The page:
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The India v/s bharat test

 

Indian cricket is symbolic of the struggle going on between the big city English speaking elite who prefer status quo and small town apsirants who want change
SUTANU GURU, MANAGING EDITOR, THE SUNDAY INDIAN | Issue Dated: March 24, 2013, New Delhi
Tags : World Cup1983 | Kapil Dev | Sunil Gavaskar | Virender Sehwag | Indian cricket team |
 

If I am not mistaken, it happened in 1984, arguably one of the most tumultuous and violent years in the history of independent India. Soon after winning the cricket World Cup in 1983, the Indian team led by the small town-broken English Kapil Dev was thrashed and humiliated by a rampaging West Indies team bent on vengeance for the World Cup loss. Predictably, Kapil lost his captaincy to the big city-flawless English Sunil Gavaskar. Subsequently, India lost a test match in Delhi to a visiting England team. Some people blamed Kapil for playing an "irresponsible" shot and getting out. The selectors and the captain Gavaskar dropped Kapil from the next Test to be played at Eden Gardens in then Calcutta. All hell broke loose and conspiracy theories started flying thick and fast. Just imagine what would have happened if we had dozens of 24X7 news channels back then! Cricket fans at Eden Gardens responded by hooting, booing and shellacking Sunil Gavaskar.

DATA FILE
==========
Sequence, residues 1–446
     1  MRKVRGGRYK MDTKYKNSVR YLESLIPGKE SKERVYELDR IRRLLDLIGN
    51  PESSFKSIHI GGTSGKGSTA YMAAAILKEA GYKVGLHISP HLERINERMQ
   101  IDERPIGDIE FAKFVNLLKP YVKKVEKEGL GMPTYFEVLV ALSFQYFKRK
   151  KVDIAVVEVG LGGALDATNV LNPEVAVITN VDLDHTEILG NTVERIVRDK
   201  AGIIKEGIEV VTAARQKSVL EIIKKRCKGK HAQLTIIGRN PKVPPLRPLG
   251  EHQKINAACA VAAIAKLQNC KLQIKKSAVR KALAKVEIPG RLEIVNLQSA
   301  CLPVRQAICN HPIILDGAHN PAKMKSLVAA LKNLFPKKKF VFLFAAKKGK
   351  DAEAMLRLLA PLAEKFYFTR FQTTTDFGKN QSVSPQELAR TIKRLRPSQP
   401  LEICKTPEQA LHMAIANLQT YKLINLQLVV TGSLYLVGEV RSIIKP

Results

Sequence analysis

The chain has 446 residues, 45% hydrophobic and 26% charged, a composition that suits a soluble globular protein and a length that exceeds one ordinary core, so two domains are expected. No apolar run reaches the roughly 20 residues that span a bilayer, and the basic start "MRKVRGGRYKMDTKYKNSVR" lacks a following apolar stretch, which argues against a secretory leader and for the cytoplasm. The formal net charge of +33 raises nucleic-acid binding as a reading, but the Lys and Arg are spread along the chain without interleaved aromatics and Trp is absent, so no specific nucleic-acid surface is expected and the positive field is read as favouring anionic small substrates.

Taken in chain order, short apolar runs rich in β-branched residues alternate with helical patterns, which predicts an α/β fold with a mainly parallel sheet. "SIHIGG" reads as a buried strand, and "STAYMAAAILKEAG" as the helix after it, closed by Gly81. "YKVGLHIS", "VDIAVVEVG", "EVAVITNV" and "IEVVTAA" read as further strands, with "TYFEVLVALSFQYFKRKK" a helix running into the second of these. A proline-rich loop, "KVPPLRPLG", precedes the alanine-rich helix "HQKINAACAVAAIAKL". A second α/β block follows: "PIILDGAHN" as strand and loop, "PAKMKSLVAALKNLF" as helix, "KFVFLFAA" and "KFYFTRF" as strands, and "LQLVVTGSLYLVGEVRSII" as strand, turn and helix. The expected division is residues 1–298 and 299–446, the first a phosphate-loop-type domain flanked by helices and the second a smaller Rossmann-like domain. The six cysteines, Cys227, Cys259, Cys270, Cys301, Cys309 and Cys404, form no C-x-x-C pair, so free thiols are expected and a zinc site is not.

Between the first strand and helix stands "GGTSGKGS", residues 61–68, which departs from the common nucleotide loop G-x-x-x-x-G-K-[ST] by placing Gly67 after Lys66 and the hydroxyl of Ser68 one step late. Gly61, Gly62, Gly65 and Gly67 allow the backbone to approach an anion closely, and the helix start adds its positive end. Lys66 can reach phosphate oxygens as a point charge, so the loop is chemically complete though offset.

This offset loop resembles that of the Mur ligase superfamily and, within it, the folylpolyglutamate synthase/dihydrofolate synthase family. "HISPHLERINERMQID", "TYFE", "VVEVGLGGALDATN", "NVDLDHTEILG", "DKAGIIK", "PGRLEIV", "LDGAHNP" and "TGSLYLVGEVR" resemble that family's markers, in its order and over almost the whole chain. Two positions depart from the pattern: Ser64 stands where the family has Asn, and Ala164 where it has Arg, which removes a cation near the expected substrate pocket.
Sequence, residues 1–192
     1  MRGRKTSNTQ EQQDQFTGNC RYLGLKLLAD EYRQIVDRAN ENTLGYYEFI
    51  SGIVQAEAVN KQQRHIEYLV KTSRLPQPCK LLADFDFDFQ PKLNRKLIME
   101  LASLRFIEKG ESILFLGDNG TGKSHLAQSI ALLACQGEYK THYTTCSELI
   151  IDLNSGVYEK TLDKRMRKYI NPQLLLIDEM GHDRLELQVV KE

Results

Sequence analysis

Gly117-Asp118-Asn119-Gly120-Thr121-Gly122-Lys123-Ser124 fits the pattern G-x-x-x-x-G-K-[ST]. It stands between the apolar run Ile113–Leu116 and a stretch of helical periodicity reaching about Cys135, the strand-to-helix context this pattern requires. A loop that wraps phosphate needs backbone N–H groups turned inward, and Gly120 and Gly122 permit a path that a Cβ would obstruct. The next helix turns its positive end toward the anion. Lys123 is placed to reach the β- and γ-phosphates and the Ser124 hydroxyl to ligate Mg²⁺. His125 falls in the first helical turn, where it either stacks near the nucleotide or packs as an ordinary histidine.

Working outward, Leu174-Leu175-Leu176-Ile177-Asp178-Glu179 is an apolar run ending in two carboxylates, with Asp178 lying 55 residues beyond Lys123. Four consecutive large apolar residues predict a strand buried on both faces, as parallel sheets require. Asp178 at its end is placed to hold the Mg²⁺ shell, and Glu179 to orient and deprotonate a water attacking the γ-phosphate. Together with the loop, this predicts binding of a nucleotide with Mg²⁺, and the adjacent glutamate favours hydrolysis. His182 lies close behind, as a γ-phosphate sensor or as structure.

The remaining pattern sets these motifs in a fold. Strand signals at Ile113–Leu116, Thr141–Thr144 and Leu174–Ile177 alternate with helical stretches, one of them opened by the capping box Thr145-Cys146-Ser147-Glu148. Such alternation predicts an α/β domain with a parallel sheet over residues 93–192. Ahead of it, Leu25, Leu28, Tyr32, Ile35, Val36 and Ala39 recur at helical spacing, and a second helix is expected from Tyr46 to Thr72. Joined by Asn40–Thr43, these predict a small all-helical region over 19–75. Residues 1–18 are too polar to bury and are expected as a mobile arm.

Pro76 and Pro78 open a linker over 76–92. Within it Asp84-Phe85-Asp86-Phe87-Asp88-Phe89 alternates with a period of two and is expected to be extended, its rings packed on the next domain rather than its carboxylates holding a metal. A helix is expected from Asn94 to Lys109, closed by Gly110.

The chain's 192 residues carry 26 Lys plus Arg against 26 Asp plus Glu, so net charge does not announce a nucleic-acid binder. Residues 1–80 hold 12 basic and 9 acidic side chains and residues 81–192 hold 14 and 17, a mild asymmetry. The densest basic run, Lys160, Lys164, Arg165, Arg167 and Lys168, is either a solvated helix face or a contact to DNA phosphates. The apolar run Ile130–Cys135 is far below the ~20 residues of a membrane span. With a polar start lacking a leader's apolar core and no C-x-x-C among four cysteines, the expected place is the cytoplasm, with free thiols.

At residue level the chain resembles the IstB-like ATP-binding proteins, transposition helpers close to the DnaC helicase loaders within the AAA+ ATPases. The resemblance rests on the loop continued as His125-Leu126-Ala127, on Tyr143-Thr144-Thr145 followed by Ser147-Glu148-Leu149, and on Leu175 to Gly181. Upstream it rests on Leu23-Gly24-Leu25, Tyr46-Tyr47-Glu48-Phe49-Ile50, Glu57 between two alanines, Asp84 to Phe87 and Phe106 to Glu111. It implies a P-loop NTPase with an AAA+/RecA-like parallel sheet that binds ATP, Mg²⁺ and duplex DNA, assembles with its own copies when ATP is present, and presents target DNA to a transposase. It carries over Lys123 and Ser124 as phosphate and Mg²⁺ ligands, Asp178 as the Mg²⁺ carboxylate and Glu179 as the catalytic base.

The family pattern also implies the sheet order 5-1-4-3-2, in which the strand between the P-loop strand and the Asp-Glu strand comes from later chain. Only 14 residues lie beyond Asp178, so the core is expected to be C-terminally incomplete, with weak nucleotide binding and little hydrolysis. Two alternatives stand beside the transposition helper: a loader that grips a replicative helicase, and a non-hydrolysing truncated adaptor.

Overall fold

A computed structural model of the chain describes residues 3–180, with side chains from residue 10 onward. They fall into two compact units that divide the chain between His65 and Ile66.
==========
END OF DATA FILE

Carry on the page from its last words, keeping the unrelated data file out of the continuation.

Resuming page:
What, you may ask, is the relevance of this slice of history to the controversy over Virender Sehwag? Well, the fact is that the battle between Bharat and India as symbolized by the Indian cricket team is decades old and will not end with the axing of Sehwag. Just like Kapil Dev, Sehwag is raw and unvarnished talent that often refuses to play by the rule book. Like Kapil, Sehwag is not comfortable with English and yet has an uncanny ability to score runs, take wickets and yes, earn a lot of money. Like Kapil, Sehwag has been often slammed for his unconventional and "irresponsible" ways. Both represent the gradual but sure emergence of the small town India that is in a hurry to destroy the existing citadels of elitism that English-speaking India has so carefully nurtured. Soon after he retired, Sunil Gavaskar became a commentator on the idiot box and remains so. Soon after he retired, Kapil Dev tried becoming a commentator on English sports channels. It was embarrassing and he dropped out. But Bharat will have its way, no matter what India thinks and wants. So, the Star Network now has two channels devoted to Test and one day cricket in India. Gavaskar is the star in the English one and Kapil is the star in the Hindi one. It is a rare Navjot Singh Sidhu who can straddle both language channels with effortless verbosity. When Sehwag finally drops his swashbuckling cricket bat and decides to sit in front of a microphone, you know in which language he will be delivering commentary.